# Confidence interval for the confidence interval?

I'm studying confidence intervals, and I'm curious about how one might generate a confidence interval for the confidence interval, if that even makes sense.

For example, let's say I draw simple random samples of n=100 from some population, calculate sample means and standard deviations, and construct 95% confidence intervals. I repeat this procedure 100 times. I know I expect about 95 of these intervals to capture the population mean, and about 5 of them not to. However, can I construct a confidence interval around this expectation? If I were to repeat this entire "100 samples of 100 samples" over and over again, what can I say about the distribution of how often the intervals captures?

Essentially, could I construct a confidence interval for the confidence interval? Would that even make any sense?

Thanks!

• In that situation, wouldn't you take the average of all confidence intervals to improve your estimate? As a theoretical answer to your question, you can always create a confidence interval as long as you can (1) make an assumption about the underlying distribution, (2) have a mean, (3) have a variance, (4) have a confidence level. – Jean-Paul Feb 7 '16 at 22:25
• and it's turtles all the way down – rep_ho Feb 7 '16 at 23:50
• I think what you essentially want to do is form a confidence interval for the coverage probability. The coverage probab9ility is the probability that any one confidence interval contains the population mean. – Mark L. Stone Feb 8 '16 at 1:44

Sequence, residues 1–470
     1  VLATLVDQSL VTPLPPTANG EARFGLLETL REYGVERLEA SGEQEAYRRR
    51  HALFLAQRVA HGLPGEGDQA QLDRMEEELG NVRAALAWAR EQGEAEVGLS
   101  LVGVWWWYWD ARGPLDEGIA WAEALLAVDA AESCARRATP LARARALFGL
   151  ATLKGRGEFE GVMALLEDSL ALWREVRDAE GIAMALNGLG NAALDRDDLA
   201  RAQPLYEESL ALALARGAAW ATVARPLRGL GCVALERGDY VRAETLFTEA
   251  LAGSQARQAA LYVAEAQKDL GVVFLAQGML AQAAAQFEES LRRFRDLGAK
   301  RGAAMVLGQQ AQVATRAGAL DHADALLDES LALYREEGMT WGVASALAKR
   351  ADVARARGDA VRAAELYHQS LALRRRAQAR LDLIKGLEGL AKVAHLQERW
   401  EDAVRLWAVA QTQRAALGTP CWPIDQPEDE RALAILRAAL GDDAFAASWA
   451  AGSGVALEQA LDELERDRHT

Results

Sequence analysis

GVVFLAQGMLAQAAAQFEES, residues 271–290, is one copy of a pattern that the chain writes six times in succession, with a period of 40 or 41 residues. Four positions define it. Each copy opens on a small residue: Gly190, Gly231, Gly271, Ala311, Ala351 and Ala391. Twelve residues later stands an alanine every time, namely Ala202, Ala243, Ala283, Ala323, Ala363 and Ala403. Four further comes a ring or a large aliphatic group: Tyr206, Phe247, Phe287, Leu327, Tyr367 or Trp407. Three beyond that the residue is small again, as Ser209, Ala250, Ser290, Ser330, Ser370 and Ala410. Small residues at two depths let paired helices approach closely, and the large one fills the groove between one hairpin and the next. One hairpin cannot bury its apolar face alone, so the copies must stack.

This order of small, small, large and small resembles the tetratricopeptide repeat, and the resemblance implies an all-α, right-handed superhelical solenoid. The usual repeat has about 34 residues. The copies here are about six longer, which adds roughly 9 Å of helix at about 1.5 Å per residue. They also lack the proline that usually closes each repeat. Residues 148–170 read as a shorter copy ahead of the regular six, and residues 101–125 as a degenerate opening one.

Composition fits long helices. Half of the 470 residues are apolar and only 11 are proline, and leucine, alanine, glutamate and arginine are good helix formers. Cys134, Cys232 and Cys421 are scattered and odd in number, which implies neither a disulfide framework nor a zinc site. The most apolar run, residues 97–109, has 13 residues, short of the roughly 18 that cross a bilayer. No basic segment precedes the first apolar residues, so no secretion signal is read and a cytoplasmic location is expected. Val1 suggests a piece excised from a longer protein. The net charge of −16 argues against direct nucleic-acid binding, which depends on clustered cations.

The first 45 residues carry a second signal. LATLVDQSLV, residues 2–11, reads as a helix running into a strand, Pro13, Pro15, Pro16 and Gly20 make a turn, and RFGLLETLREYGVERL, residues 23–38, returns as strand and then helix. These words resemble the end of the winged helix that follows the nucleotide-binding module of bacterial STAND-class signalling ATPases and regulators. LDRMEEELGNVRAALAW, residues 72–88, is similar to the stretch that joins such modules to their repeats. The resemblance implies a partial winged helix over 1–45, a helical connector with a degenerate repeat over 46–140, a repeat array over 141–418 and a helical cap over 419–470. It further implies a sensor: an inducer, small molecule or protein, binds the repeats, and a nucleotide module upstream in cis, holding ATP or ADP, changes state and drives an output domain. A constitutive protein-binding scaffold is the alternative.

• (continued) Presuming you have M i.i.d replications of forming confidence intervals based on n = 100 sample size, you can form the confidence interval for coverage probability based on binomial fraction of intervals containing the population mean. – Mark L. Stone Feb 8 '16 at 1:50
• Mark, that makes a ton of sense, and I think it's similar to Glen's answer below. Right? – Guy Davidson Feb 9 '16 at 20:23

Treating each interval containing the parameter as a Bernoulli process with each trial having some coverage probability $p$, the number of "coverages" should be $\text{Binomial}(n,p)$.
The potential problem is whether the $p$ one actually has is really the $p$ one was hoping for (whether due to the extent of the failure of assumptions or because of approximations involved in obtaining the intervals).